Rambus shows why loose use of terminology in the NPE/troll debate is so dishonest 18 Jun 13
Yesterday Rambus announced that it had reached an agreement with STMicroelectronics that brings an end to long-standing patent litigation between the two. This dates back to 2010 when the semiconductor company was among those targeted by Rambus in an assertion campaign relating to the so-called Barth patents. In July 2012 the ITC ruled that neither STMicro nor LSI had infringed the patents; this followed a ruling by the USPTO earlier in the year that several of them were, in fact, invalid. Given all that, it’s no surprise that there was no mention of any cash being involved in yesterday’s deal – instead, what looks to have been agreed is a face-saving cross-licensing arrangement. This is in marked contrast to the settlement Rambus announced earlier this month with Korea’s SK Hynix which will be worth $240 million to the company over the next five years.
Rambus has had a torrid time over recent years, with its market cap collapsing by 60% in late 2011 following an adverse anti-trust ruling in a case brought against Hynix and Micron; something which precipitated an extended bear run on the stock price. However, over recent months – almost unnoticed – Rambus has been clawing its way back into the game. Since the start of the year, the company’s value has climbed by over 75%.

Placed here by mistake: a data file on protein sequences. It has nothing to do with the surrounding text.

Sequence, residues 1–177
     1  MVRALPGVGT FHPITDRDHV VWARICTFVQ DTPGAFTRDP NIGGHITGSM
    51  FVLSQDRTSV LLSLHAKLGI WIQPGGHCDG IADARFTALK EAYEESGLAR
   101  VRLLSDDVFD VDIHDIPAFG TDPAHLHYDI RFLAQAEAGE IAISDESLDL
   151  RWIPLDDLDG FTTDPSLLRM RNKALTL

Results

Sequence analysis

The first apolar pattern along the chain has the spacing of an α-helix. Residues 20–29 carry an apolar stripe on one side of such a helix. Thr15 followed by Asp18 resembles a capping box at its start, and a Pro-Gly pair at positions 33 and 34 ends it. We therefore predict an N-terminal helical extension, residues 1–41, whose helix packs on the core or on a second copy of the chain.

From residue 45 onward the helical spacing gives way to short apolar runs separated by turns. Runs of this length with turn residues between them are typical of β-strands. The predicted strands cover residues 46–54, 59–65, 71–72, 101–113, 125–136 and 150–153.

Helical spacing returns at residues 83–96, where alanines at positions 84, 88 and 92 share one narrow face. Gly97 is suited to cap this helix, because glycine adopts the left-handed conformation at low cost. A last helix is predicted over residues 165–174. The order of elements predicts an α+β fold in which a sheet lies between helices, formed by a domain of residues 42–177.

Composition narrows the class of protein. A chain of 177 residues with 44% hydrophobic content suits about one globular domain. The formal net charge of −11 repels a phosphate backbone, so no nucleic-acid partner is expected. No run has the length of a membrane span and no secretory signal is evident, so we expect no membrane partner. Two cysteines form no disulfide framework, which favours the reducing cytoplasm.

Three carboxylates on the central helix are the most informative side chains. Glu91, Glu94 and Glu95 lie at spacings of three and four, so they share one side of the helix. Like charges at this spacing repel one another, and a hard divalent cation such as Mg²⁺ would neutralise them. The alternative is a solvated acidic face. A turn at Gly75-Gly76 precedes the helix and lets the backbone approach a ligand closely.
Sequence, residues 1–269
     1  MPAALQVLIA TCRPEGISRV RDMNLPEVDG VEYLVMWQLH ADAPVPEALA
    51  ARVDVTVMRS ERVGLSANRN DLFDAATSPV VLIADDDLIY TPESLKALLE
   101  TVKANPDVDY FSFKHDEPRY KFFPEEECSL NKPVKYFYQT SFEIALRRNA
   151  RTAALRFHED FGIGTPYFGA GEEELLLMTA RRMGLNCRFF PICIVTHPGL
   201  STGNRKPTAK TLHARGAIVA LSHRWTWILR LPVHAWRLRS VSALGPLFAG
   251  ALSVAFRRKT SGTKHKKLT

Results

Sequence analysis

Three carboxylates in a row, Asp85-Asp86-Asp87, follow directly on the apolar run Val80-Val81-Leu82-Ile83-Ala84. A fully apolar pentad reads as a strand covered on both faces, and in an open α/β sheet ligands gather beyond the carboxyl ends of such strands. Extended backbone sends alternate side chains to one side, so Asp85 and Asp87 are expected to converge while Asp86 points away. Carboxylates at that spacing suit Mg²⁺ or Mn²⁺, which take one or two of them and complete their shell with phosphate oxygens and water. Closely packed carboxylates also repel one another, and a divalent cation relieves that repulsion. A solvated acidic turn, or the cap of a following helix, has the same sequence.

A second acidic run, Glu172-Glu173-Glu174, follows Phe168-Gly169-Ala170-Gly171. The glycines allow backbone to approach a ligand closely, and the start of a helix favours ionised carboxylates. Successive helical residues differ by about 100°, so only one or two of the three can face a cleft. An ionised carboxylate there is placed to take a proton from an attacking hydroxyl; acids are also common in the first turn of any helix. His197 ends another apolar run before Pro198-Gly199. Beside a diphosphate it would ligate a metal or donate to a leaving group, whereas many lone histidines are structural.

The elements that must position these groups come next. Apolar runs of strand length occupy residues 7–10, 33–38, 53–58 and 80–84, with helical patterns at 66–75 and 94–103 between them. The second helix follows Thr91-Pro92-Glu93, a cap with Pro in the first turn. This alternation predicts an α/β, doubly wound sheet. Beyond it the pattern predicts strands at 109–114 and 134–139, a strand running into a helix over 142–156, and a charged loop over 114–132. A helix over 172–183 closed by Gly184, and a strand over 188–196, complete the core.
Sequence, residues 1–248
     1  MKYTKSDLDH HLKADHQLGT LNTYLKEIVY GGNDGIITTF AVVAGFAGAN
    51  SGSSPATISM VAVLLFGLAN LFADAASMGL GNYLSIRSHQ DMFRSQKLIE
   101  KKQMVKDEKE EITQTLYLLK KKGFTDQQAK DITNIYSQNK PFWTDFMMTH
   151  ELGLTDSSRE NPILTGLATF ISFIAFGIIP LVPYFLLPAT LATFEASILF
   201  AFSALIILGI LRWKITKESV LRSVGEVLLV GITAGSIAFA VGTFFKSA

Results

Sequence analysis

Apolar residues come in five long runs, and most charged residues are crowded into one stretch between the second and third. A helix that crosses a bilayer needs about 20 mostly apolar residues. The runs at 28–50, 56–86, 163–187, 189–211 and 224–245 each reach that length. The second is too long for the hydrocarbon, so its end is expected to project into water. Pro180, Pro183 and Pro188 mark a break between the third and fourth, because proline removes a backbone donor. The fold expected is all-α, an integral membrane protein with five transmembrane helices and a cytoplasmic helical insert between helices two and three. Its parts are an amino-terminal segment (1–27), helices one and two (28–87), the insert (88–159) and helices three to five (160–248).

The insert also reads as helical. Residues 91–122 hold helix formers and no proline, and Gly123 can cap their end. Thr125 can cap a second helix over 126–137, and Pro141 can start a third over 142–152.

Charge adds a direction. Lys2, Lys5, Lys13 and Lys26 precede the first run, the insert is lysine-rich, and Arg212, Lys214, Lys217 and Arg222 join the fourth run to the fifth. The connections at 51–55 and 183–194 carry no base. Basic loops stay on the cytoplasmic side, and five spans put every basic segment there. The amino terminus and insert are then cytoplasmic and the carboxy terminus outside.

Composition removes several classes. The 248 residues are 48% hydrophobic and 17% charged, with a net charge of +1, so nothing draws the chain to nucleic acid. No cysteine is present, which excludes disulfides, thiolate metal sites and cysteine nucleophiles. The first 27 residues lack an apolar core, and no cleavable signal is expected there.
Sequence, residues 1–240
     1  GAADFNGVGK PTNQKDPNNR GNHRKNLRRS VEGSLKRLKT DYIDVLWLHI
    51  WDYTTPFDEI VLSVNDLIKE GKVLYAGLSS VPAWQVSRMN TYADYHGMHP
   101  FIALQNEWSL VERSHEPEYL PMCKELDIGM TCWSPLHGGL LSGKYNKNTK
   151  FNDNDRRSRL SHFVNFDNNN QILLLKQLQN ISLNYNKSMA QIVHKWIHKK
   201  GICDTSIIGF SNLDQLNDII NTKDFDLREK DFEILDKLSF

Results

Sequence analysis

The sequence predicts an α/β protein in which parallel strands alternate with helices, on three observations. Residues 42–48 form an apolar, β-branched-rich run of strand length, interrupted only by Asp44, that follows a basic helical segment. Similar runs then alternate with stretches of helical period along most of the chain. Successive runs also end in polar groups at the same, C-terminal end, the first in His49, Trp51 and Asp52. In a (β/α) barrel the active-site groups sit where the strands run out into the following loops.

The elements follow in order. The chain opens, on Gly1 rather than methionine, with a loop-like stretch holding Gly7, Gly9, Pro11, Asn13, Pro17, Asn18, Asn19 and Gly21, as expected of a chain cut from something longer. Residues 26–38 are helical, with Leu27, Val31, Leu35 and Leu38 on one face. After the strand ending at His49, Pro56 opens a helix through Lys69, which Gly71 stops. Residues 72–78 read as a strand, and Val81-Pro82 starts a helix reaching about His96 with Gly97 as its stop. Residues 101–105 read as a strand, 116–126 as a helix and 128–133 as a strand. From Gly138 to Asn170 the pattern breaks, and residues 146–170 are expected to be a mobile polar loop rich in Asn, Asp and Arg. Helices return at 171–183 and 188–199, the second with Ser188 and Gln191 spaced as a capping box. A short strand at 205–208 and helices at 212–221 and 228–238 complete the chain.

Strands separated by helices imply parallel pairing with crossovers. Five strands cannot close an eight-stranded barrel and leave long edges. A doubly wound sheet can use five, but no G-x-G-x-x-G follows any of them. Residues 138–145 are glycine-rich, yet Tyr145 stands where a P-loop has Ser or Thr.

Rambus is identified by PatentFreedom, the oft-quoted source of statistics related to NPEs, as the owner of one of the largest NPE portfolios. As we all know, the terms NPE and troll are often used in an interchangeable manner by those who seek to rein in the activities of entities that litigate patents on which they do not practise. However, Rambus is one of those companies that demonstrates how dangerous – and deceptive (though, of course, convenient) – such loose use of terminology is. The company actually spends tens of millions of dollars on R&D and is also closely involved in rolling out products, while its licensed patents are incorporated into millions of devices sold by dozens of licensees each year. It is, in fact, the very model of a research-based company operating in an advanced 21st century economy. I really struggle to see what is wrong with any of that; or with the fact that, at times, it needs to aggressively protect what is its life blood – either directly or through deals agreed with third parties. Perhaps opponents of NPEs, such as the Executive Office of the President, could tell us what Rambus is doing wrong.
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